Folks of a literary bent are familiar with the story of how Max Perkins took Thomas Wolfe’s manuscripts to a rendering plant and walked away with Look Homeward, Angel. Or how Gordon Lish trimmed Raymond Carver’s work to the bone and invented minimalism with What We Talk About When We Talk About Love.
Perkins and Lish were editors, not ghostwriters, and their work is (or used to be) considered part of the publishing game. So we’re mildly amused by recurring rumors that Barack Obama had a Little Helper with Dreams From My Father.
Name of Bill Ayers.
As conspiracy theories go, this one’s definitely a letdown after our recent multiple Orlygasms. But since WorldNetDaily is running with it, what the heck.
The evidence for this stems from extensive “stylometric analysis”, which we’ll presume is similar to the detective work that attributes Shakespeare’s plays to anybody but Shakespeare. WND credits the digging to Jack Cashill, an “Emmy-award winning independent writer” whose award we can’t find in the Emmy database, and whose impeccable credentials include linking George Tiller to war criminals.
We’ll pass over Cashill’s textual statistics, which only prove that personal computers have been a mixed blessing, and cut right to his star witnesses. First, from Ayers’ Fugitive Days:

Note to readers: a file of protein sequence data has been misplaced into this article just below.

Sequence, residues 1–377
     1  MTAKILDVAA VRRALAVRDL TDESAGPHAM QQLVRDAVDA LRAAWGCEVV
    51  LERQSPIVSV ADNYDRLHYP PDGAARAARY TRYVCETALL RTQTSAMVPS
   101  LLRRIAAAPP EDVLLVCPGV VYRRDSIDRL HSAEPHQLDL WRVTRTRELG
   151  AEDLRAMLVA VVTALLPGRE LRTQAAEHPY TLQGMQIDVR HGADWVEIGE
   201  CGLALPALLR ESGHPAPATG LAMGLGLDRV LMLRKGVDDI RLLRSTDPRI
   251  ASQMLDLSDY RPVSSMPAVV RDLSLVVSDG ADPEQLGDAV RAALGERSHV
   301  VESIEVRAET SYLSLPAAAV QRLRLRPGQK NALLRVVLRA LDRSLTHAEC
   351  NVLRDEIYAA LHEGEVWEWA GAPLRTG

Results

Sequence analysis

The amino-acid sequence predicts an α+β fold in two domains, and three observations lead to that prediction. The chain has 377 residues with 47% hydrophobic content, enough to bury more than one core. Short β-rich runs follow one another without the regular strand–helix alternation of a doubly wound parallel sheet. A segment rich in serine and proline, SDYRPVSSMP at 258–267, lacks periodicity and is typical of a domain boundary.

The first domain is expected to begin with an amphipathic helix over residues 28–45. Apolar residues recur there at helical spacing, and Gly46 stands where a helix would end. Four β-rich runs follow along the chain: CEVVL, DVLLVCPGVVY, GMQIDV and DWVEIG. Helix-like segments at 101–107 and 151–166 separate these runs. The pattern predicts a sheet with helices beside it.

“I picture the street coming alive, awakening from the fury of winter, stirred from the chilly spring night by cold glimmers of sunlight angling through the city.”
Compare that with Dreams, suckaz:
“Night now fell in midafternoon, especially when the snowstorms rolled in, boundless prairie storms that set the sky close to the ground, the city lights reflected against the clouds.”
See how obvious that is? “These two sentences are alike in more than their poetic sense, their length and their gracefully layered structure,” writes Cashill, almost superfluously. “They tabulate nearly identically on the Flesch Reading Ease Score (FRES), something of a standard in the field.”
Funny thing about that — we recently ran a Flesch test on one of Sarah Palin’s manifestly ghostwritten Facebook columns, comparing it to her marvelously meandering going-away speech. Same score.
Alas, no Smoking Blue Pencil there. But what about Christopher Andersen’s new book, Barack and Michelle: Portrait of an American Marriage, which has been making the rounds? Andersen also claims Ayers wrote (or heavily doctored) Dreams — “So [Obama] lied to the American people,” Hannity nodded Tuesday. Doesn’t that settle it?
Well, no — Andersen cites Cashill as a source. And his book is published by Rupert Murdoch. Neat trick. We’ll have to try it sometime.